The second flight of the day went well, but the landing gear was damaged when it came down, which also cost them points.

“On the third flight, I was nervous,” Tilney-Volk said. “The wind had already messed me up and so I decided to fly more aggressively. We had to take off within a hundred feet. I took off in about half that distance.”

That third flight of the day, in the second airplane of the day, was a success. Smooth take-off, smooth flight, smooth landing.

Still, the team would be scored on its top three flights and so far, the team had flown one “good” one.

Under Pressure

On Sunday, the team had to get in two perfect flights before the competition ended at noon. The team members got up early, made seemingly earlier by the onset of Daylight Savings Time. After deliberation, they increased the payload weight, from 13 pounds to 16 pounds, agreeing that it would be too much of a risk to go to the maximum of 18 pounds.

“There was a lot of frustration and pressure,” Tilney-Volk said. “We’d been docked points on little things and the flights were worth 20 points.”

The two Sunday flights were good and solid, with the wind having died down some from the previous day. The plane bounced a little on one of the landings, but there were no infractions because it landed and nothing fell off.

“I was stressed every flight because I knew it was important,” Tilney-Volk said. “But the whole team encouraged me. They were not worried about me. They are awesome.”

“Charlie was fantastic,” Cahen said. “Watching those planes fly, he truly had one of the most stable flights. If they were giving points for style, we would have been a top-three plane.”

The Hoos Flying Club finished sixth among all the competitors in the flying portion of the competition, and third for flying among the U.S. teams. UVA placed sixth overall among more than 30 teams and third among the U.S. teams.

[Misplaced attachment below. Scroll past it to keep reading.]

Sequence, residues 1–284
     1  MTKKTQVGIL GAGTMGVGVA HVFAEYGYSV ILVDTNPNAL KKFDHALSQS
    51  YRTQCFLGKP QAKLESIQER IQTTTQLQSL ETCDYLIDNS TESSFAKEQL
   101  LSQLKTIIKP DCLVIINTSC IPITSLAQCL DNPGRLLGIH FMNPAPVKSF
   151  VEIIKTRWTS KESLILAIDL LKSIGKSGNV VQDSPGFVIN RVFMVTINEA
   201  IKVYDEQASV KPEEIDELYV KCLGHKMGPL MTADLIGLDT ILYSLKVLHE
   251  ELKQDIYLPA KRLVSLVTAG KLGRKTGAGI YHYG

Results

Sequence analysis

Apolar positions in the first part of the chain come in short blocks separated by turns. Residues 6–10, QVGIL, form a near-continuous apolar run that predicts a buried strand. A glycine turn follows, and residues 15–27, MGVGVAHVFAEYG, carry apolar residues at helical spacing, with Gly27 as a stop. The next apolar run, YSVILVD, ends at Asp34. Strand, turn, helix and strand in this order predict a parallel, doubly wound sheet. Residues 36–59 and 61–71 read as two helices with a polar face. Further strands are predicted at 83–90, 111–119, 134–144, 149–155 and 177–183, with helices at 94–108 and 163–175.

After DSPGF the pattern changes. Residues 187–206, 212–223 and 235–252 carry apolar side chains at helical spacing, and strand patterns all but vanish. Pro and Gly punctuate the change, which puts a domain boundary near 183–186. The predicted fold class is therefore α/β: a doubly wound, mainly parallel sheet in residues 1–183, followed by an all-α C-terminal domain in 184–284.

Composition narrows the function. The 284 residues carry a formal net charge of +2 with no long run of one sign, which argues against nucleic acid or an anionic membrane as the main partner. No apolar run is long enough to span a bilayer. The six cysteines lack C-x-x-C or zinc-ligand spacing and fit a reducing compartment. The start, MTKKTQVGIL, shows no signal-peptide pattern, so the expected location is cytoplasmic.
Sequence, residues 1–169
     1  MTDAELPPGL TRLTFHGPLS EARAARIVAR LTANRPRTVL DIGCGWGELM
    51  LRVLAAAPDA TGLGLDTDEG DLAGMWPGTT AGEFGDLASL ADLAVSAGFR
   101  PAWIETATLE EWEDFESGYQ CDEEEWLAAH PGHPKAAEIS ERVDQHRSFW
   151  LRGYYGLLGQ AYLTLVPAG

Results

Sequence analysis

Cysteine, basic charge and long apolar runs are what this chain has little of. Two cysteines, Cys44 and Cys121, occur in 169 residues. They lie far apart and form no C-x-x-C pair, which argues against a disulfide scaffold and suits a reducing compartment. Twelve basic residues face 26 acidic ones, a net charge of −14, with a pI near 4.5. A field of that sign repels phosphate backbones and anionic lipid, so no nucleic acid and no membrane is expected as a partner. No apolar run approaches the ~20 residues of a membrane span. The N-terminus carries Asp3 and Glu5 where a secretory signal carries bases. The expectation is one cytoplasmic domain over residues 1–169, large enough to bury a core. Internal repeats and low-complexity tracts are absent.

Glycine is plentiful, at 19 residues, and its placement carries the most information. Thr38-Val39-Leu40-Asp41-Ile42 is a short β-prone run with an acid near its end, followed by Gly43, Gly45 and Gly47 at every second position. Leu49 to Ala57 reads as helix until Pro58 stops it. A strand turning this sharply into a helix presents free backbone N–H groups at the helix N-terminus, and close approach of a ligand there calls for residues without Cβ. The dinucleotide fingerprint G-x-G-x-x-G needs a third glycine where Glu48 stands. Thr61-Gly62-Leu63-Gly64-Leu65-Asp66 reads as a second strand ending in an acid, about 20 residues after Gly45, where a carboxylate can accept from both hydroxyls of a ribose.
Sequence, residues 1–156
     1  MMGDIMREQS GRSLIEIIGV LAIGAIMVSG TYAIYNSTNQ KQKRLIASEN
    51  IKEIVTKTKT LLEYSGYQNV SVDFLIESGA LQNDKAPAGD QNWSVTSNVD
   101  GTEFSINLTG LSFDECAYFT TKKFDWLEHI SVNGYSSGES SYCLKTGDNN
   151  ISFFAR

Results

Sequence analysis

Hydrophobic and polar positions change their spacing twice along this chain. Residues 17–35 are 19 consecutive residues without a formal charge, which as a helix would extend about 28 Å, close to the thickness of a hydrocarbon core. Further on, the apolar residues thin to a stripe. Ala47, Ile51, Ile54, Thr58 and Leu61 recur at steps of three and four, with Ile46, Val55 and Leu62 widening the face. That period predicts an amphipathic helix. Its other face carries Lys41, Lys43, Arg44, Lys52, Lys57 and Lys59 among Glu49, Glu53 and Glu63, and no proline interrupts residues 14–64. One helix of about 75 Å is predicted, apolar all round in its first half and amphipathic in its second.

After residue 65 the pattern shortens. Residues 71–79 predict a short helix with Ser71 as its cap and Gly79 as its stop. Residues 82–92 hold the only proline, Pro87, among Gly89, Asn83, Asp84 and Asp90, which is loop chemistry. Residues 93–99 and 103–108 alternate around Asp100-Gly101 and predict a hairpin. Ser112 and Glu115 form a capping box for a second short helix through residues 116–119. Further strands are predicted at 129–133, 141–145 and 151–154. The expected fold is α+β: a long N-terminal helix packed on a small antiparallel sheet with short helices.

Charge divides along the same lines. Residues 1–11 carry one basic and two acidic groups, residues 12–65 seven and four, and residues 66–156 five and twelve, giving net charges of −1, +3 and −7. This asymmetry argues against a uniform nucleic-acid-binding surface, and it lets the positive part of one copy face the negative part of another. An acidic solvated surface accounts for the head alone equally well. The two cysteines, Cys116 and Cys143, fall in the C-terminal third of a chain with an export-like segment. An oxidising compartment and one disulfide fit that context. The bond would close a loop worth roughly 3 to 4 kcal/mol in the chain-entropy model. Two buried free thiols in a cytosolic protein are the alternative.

The earliest version of the battery-powered plane soars over Milton Field.

“I’m disappointed, but we achieved what we wanted,” Tilney-Volk said. “We did pretty darn well this year and that has left us in a good place for next year.”

“We did better than expected on flight, but not as well on the technical stuff,” Huy said. “I’m satisfied with what we did. This is a young team and they did great. They have two more years with these contest standards and they have energy and enthusiasm.”

In the Beginning

Perhaps the best moment the team experienced this year happened outside of the competition altogether.

Cooper Dzema, Ryan Keough, Jack Shea, Andrew Metro and Grace Vidlak gently carry the airplane to the runway at Milton Field.

In December, the flying club arrived at Milton Airfield for the plane’s first test flight. Once the plane was assembled, several team members gently carried it on to the macadam section of the landing strip, underneath a cold, bright, winter sun. The team advisers had already marked out the runway, setting out orange cones. The plane had 90 feet to take off.

 Two drones were flying around the field, chasing each other, sounding like loud, angry hornets, while higher in the sky, several buzzards floated on the breeze, wings outstretched to catch updrafts.

Ryan Keough, a second-year aerospace engineering major from Richmond, held the plane in place while Tilney-Volk performed a throttle check and several team members agreed that it sounded correct. As Tilney-Volk got revved the throttle, getting the propeller to a certain speed, Keough released the plane, which sped down the runway and was airborne.

After a little over two minutes of circling the airfield, Tilney-Volk brought it in for a smooth landing.

Ryan Keough and Andrew Metro hug in mid-air after the first successful flight while Jack Shea, left, and Grace Vidlak run onto the field.

The team members, who lined one side of the airfield, tense, breathing shallowly while the plane was aloft, suddenly let loose with whoops and shouts and they raced onto the field, high-fiving each other and hugging and jumping in the air. 

“You don’t expect much on the first flight,” Huy said.

Media Contact

Matt Kelly

University News Associate Office of University Communications